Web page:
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Habitus is a movement for living in design. We’re an intelligent community of original thinkers in constant search of native uniqueness in our region.

 

From our base in Australia, we strive to capture the best edit, curating the stories behind the stories for authentic and expressive living.

 

Habitusliving.com explores the best residential architecture and design in Australia and Asia Pacific.

 

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Is Living Large Out Of Vogue? The Best Of Small Spaces From 2019

Is Living Large Out Of Vogue? The Best Of Small Spaces From 2019

Brad Swartz Architects Boneca Apartment CC Tom Ferguson | Habitus Living

These compact residences dotted across our local Region highlight architecture that knows no bounds, and certainly no limits when it comes to maximising the efficiency of minimal spaces.

Across the Indo Pacific Region, in cities and rurally, people are living smaller and with less. In a small space, more than anywhere else, is where clever, considerate and innovative architecture and design has its time to shine. These projects take into careful consideration the needs of its residents, their budgets, and their lifestyles to provide smaller footprint living without sacrifice.

 

Boneca Apartment by Brad Swartz Architects

Brad Swartz Architects Boneca Apartment CC Tom Ferguson | Habitus Living

For small-scale projects “the brief is often just to make it liveable” says architect Brad Swartz. Under the guise of his eponymous architecture and interior design studio, Brad and his team at Brad Swartz Architects, recently completed the reconfiguration of Boneca Apartment, a 24-square-metre studio apartment in the inner Sydney suburb of Rushcutters Bay.

The space is more or less split in two. As you enter, the kitchen lines the left wall before the inbuilt double bed featuring hidden storage care of custom joinery. Between the kitchen and bed is a short corridor leading to the bathroom. A table for dining, studying or socialising sits in front of the door behind a two-seater sofa and the windows that line the facing wall.

Photography by Tom Ferguson. Read the full story here

 

Type St Apartment by Tsai Design

Type Street Apartment Tsai Design cc Tess Kelly living

When Jack Chen of Tsai Design was posed with the challenge of transforming a 35-square-metre unit into a one-bedroom apartment with home office, he created a clever multi-purpose timber joinery box that serves all rooms and offers the luxury, comfort and detailing found in a normal house.

To overcome the constraints of the existing apartment, Jack concentrated on creating multi-functional spaces, de-cluttering, and maximising natural light.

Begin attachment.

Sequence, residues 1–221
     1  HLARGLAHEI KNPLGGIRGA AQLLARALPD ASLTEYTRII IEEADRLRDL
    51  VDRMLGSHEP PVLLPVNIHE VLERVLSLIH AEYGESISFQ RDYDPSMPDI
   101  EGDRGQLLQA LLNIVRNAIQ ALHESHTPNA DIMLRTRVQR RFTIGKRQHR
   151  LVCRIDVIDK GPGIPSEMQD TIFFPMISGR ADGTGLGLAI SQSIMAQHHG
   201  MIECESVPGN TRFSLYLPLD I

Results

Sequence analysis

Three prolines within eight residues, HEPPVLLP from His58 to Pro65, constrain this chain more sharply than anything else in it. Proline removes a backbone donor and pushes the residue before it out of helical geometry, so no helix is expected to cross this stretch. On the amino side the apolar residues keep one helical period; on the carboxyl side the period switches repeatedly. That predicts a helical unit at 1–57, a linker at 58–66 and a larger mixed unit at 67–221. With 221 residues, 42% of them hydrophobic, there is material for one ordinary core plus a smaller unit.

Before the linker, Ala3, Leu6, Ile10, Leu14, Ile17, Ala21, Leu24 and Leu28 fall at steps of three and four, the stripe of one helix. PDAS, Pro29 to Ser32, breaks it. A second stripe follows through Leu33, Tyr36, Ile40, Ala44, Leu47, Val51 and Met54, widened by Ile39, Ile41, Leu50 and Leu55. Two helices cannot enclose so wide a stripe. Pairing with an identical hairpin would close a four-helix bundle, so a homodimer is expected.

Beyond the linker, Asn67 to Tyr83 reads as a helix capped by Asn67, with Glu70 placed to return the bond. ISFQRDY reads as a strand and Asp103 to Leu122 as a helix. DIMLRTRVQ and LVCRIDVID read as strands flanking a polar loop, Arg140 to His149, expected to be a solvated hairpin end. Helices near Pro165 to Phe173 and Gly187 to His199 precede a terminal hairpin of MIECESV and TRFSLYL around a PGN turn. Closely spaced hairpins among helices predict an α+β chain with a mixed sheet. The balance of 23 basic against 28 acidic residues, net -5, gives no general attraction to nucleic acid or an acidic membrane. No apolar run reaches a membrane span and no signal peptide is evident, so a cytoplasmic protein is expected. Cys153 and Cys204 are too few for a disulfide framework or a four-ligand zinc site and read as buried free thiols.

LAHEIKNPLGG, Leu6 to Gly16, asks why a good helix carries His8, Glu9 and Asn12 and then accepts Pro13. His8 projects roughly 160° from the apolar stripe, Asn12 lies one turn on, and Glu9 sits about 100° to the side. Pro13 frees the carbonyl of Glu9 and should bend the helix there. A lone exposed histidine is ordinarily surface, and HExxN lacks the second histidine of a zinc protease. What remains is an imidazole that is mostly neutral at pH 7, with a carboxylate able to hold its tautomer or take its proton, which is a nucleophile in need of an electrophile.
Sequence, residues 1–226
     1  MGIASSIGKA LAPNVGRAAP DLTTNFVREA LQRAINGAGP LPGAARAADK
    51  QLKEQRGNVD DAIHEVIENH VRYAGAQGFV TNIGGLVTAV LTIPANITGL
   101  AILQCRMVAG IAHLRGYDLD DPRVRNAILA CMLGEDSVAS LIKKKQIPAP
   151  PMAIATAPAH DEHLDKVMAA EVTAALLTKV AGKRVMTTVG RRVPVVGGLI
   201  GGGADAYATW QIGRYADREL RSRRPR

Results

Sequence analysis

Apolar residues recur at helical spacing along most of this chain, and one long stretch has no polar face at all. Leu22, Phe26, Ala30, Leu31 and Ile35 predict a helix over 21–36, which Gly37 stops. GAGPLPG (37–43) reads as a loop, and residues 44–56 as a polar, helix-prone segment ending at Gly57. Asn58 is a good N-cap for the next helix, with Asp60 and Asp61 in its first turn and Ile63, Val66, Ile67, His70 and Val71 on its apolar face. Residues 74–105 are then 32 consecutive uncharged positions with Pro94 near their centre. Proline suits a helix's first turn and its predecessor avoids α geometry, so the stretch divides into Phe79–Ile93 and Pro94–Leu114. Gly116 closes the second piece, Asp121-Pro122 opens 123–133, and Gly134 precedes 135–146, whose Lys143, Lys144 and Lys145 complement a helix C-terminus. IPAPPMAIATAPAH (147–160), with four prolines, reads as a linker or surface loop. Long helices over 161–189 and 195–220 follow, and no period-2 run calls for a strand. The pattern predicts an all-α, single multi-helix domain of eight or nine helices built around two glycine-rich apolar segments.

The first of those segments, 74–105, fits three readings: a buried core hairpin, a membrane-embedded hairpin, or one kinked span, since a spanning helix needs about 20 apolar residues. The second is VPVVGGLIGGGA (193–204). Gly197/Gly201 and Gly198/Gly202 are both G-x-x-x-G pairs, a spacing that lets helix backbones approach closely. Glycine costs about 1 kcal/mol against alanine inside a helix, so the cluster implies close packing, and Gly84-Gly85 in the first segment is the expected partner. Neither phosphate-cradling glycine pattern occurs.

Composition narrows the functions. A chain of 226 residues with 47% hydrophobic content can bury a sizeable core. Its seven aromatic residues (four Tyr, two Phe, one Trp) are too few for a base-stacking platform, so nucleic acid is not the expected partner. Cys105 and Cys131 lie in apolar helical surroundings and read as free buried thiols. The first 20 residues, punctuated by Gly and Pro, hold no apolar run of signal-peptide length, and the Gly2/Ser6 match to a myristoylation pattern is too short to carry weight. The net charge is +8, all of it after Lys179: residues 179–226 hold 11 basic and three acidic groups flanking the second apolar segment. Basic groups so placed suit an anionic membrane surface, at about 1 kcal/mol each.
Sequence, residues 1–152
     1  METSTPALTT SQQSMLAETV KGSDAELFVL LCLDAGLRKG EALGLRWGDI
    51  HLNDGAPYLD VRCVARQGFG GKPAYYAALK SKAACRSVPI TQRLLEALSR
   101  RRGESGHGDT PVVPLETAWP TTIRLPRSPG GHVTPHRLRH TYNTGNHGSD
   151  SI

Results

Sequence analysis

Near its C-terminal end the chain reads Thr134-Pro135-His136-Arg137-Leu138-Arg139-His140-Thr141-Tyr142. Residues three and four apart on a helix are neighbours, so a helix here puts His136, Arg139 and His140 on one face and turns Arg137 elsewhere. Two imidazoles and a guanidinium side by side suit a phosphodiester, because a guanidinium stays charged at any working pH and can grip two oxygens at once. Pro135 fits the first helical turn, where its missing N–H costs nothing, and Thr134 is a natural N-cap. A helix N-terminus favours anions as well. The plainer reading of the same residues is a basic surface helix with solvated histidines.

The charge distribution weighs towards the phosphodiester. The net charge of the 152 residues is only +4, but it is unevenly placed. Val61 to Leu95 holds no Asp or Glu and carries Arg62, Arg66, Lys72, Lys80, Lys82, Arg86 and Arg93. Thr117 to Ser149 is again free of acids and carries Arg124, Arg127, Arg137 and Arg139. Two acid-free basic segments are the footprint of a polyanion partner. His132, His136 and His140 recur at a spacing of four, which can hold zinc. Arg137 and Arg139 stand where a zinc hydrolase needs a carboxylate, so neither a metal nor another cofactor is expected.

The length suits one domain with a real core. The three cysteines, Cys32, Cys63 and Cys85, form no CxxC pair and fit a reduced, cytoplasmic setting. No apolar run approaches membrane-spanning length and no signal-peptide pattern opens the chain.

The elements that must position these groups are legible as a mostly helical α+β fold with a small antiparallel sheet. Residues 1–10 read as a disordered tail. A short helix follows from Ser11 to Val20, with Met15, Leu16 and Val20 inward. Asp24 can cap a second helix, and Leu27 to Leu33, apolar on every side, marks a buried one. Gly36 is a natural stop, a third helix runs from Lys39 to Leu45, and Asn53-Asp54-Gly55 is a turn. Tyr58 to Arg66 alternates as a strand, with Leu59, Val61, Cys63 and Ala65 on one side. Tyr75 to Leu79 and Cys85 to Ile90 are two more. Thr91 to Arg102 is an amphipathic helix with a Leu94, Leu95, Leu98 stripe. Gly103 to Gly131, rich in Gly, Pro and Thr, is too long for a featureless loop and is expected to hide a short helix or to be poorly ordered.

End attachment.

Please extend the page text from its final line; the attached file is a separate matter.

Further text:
Photography by Tess Kelly. Read the full story here

 

Courtyard House by Sarah Lake Architects

Courtyard House by Sarah Lake Architects

Located in the inner-city-Melbourne suburb of Yarraville, Courtyard House draws on the area’s industrial roots in its transformation of a single fronted worker’s cottage into a robust and spacious family home. But from the outset, the inherent nature of the site itself presented a number of orientation and spatial conundrums such as a slender, long plot.

Architect Sarah Lake then proceeded to “cut out” a courtyard from this form, effectively opening the house up to the north but also making it one of the ‘rooms’ in the new living wing. As a result, the spaces may be modest in scale but they feel generous in proportion by virtue of high ceilings and large expanses of glazing.

Photography by Glenn Hester. Read the full story here

 

Nulla Vale House and Shed by MRTN Architects

Nulla Vale MRTN Architects CC Peter Bennetts entrance

In many respects, Nulla Vale House and Shed is no ordinary holiday house, where a comfortable, fuss-free lifestyle is a priority. “Our clients wanted a modest house where they could come together on the weekend,” explains MRTN director Antony Martin, “but they purchased this plot with the aim of really embedding themselves in the landscape.” Because the couple wants flexibility to potentially live there full-time in the future, they charged Antony with building a small home that could be converted into a larger house at a later stage. Their immediate need was to establish a connection to the landscape.

The two structures are fundamentally sheds, but they possess an intrinsic quality that speaks of design intent well beyond the vernacular. The house – cranked at an angle and oriented north – is a rich bricolage of recycled bricks, salvaged corrugated iron, rough sawn timber and new galvanised roofing with pre-engineered timber trusses that are left exposed both internally and externally.

Photography by Peter Bennetts. Read the full story here

 

YT House by Rear Studio

YT House Rear Studio AHO Design Studio CC Quang Dam dining space high ceiling

In a built form that turns conventional notions of a house – four walls and a pitched roof – on its head, YT House by Rear Studio and AHO Design Studio presents itself in a somewhat disassociated manor. Simple geographic forms, on one end a circle and the other a rectangle, are connected by a seemingly floating roof that doesn’t quite cover the entire structure. Aerially, this is especially notable.

Photography by Quang Dam. Read the full story here

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